Parallel Structured Light Can Enable Robots to Sort Parcels in Motion

Unlike time-of-flight systems, a novel machine vision approach could launch a new era of automated order fulfillment, claims Photoneo.


A vision-guided robot arm is equipped with a custom-made vacuum gripper.
Automated order fulfillment requires maximum throughput and accuracy, and Photoneo says its Parallel Structured Light 3D scanners can capture fast-moving objects.

The need for order-fulfillment automation is rising exponentially each year. The COVID-19 pandemic has just added urgency to this trend. Customers expect ultra-fast deliveries, while e-commerce retailers struggle with a serious lack of workforce and increasing labor costs. Machine vision, artificial intelligence, and mobile robots are among the technologies helping warehouses, “dark stores,” and distribution centers consolidate orders and quickly, efficiently, and flawlessly prepare them for delivery.

When it comes to warehouse automation, the sorting of parcels for shipment is a key part of successful order fulfillment. Robotics can help optimize the flow of goods, keep track of all parcels, and prevent chaos and lost parcels.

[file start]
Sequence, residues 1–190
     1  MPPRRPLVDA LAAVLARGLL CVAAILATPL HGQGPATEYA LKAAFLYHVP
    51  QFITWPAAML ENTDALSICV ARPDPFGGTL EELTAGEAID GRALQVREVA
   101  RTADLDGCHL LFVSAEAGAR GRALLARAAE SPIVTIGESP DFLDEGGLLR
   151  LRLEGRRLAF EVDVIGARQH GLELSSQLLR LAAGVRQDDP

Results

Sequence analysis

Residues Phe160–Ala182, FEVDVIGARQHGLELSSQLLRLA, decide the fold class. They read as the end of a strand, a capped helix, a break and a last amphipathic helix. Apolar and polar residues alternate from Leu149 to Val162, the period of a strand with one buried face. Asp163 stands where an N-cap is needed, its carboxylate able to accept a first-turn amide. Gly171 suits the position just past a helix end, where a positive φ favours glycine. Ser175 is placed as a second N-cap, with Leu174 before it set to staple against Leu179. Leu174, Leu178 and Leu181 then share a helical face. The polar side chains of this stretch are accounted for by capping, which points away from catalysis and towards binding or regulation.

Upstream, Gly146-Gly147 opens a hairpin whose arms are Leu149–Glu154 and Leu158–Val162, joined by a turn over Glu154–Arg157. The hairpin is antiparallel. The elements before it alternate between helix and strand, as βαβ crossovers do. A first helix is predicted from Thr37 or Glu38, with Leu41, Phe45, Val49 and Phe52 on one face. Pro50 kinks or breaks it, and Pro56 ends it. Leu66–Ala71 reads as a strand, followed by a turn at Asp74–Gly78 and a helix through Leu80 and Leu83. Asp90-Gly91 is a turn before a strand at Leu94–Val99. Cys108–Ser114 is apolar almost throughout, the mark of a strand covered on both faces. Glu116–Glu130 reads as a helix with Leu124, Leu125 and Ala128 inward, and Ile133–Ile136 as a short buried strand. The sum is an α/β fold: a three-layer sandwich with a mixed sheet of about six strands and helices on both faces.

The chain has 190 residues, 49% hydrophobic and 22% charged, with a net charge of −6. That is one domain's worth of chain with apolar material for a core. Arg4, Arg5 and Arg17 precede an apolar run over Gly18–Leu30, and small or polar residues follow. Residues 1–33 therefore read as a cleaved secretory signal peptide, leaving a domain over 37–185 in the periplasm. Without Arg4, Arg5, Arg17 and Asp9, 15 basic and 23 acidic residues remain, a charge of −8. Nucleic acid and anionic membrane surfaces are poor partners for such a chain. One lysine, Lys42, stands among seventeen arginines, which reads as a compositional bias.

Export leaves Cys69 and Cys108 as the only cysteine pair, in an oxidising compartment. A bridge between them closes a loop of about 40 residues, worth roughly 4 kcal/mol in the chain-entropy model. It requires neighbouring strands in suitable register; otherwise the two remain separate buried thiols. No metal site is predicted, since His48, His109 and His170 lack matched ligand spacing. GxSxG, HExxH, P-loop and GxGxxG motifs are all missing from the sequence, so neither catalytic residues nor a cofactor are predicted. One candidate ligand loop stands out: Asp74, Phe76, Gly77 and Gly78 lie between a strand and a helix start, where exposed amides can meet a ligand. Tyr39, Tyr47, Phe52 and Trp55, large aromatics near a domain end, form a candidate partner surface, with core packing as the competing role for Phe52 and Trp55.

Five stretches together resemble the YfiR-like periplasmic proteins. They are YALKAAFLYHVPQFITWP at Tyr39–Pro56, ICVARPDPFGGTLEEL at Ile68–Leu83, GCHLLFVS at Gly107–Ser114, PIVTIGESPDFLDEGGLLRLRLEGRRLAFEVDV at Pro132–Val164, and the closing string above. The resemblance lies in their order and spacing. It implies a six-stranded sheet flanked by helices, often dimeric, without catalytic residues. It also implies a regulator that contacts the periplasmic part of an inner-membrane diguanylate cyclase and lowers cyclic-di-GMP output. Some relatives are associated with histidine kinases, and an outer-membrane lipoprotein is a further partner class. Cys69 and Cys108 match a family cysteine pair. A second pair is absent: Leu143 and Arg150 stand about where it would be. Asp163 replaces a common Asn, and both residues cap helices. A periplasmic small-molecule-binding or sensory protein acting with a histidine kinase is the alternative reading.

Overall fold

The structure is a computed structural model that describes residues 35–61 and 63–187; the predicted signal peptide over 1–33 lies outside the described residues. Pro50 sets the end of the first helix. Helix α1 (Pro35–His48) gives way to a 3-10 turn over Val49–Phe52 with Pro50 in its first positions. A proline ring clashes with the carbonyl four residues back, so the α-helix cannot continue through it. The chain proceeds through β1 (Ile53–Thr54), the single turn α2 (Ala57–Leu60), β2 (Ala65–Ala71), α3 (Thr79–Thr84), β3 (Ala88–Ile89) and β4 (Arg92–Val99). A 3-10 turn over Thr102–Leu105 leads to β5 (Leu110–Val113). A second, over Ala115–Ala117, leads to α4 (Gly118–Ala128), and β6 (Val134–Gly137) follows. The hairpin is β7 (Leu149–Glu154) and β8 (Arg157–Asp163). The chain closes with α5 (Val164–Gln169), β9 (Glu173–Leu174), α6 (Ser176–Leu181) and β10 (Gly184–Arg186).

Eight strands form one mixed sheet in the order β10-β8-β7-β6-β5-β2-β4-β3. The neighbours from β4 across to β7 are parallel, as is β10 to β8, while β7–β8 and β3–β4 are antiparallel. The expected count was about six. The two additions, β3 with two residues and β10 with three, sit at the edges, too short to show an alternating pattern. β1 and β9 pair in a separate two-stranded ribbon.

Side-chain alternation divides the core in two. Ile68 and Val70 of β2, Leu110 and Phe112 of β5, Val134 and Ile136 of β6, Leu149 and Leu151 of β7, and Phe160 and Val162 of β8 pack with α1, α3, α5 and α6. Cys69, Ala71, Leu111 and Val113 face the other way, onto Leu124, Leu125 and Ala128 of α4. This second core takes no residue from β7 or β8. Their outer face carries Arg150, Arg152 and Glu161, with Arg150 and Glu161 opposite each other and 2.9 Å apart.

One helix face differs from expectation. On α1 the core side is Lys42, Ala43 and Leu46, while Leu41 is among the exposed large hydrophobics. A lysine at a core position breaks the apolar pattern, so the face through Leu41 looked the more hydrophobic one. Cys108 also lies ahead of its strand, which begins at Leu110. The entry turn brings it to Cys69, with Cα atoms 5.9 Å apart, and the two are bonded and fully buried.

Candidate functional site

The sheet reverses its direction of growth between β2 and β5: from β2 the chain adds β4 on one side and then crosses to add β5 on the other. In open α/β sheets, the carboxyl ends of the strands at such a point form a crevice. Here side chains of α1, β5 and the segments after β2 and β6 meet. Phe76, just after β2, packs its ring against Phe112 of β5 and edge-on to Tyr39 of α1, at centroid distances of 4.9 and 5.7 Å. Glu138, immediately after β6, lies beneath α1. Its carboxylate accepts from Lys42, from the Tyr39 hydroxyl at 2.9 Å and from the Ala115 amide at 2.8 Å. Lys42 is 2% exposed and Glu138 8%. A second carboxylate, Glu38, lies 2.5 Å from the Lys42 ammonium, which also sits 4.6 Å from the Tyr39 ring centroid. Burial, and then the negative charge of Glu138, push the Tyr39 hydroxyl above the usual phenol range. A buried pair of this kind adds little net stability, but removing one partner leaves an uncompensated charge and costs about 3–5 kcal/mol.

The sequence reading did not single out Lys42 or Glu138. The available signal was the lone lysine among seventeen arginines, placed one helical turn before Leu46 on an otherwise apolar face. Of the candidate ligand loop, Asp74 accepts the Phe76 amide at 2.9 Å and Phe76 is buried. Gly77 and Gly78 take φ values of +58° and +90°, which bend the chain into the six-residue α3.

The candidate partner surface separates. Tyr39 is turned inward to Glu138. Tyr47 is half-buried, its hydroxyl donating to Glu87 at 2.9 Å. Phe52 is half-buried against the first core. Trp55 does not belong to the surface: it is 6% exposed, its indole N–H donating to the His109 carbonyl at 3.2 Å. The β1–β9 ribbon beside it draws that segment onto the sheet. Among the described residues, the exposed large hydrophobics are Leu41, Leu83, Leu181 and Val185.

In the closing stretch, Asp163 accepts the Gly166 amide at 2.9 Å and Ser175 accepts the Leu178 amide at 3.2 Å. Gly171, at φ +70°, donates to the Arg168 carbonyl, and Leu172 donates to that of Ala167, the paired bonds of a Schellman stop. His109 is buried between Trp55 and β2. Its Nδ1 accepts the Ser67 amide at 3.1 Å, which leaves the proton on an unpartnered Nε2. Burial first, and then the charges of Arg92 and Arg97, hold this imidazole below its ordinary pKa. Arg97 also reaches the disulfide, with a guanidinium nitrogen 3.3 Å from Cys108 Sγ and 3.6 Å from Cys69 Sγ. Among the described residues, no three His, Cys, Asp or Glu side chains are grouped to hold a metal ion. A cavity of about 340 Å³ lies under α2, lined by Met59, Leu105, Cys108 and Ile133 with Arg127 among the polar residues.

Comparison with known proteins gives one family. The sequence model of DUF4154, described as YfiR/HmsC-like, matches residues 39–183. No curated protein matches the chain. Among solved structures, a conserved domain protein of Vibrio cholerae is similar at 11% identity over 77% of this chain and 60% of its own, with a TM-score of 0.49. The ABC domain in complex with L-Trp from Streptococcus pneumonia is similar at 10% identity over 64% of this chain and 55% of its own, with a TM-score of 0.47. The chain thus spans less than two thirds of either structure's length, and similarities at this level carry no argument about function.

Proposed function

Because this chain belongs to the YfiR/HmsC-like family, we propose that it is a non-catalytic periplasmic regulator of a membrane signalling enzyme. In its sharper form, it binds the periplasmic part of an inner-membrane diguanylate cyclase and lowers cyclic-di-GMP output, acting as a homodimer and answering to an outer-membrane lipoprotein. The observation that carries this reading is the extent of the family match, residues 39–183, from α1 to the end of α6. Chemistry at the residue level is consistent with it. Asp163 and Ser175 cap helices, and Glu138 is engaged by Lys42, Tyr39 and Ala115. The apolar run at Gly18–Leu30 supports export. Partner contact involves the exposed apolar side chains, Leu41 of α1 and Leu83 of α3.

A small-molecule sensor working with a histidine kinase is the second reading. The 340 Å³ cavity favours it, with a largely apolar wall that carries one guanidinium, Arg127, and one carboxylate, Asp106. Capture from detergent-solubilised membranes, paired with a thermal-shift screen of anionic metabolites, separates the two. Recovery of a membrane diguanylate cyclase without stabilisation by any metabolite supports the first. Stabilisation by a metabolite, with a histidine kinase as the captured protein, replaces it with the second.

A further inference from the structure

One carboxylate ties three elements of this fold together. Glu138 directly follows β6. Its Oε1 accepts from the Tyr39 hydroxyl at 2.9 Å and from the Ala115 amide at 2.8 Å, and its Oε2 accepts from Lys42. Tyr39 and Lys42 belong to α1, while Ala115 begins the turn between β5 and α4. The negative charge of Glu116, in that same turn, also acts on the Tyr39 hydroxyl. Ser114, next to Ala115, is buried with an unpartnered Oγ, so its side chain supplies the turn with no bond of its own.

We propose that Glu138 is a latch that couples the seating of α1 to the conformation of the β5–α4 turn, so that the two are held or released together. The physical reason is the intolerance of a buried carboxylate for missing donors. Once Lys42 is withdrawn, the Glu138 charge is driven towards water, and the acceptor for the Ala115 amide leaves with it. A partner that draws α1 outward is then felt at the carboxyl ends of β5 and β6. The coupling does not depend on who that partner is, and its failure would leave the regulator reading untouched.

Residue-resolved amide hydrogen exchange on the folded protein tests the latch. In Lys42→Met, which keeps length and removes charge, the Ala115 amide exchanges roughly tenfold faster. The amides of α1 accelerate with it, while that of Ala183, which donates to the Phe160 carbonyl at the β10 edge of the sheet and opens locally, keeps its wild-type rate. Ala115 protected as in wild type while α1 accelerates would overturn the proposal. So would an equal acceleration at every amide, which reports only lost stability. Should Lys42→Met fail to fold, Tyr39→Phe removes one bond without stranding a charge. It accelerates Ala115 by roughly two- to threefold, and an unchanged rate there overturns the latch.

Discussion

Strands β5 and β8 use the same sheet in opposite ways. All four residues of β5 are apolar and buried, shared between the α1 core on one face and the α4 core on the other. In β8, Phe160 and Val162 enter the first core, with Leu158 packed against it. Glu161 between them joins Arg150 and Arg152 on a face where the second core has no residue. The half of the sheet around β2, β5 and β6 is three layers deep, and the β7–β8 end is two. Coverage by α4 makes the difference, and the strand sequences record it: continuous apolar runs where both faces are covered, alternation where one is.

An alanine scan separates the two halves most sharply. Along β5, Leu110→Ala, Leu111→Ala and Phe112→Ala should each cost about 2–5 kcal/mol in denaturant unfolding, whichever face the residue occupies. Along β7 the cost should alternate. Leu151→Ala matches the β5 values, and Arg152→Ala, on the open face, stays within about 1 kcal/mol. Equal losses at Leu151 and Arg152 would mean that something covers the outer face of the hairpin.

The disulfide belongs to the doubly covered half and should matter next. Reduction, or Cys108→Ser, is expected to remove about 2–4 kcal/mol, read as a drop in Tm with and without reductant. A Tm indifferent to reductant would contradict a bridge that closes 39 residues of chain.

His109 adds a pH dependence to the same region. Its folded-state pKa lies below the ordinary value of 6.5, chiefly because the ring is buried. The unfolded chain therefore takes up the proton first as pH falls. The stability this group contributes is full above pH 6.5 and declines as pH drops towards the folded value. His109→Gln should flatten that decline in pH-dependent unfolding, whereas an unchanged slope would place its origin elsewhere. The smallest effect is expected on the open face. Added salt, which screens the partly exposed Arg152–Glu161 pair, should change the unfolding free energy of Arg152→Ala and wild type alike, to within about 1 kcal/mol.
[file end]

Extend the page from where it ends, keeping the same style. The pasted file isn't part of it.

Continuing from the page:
Orders often need to be sorted according to specific criteria and placed into different containers for delivery. This task requires the right machine vision system that can provide high-quality 3D data to recognize each parcel, pick it, and place it into a destination bin based on the logistics service provider or other sorting methods.

Machine vision tradeoffs in parcel sorting

There are a number of systems to choose from for accurate object recognition and precise robot navigation. For instance, structured light 3D scanners are very popular, as they can provide submillimeter resolution and high accuracy. However, they have a major limitation—they can be used only for scanning static scenes.

If the sensor or the scene moves during the scanning process, the 3D scan will be distorted. This means that if one wants to use a structured light vision system for sortation, the parcels need to be placed on a carrier that can be stopped for scanning, such as a container or pallet, in order to send their coordinates to the robot for picking and sorting.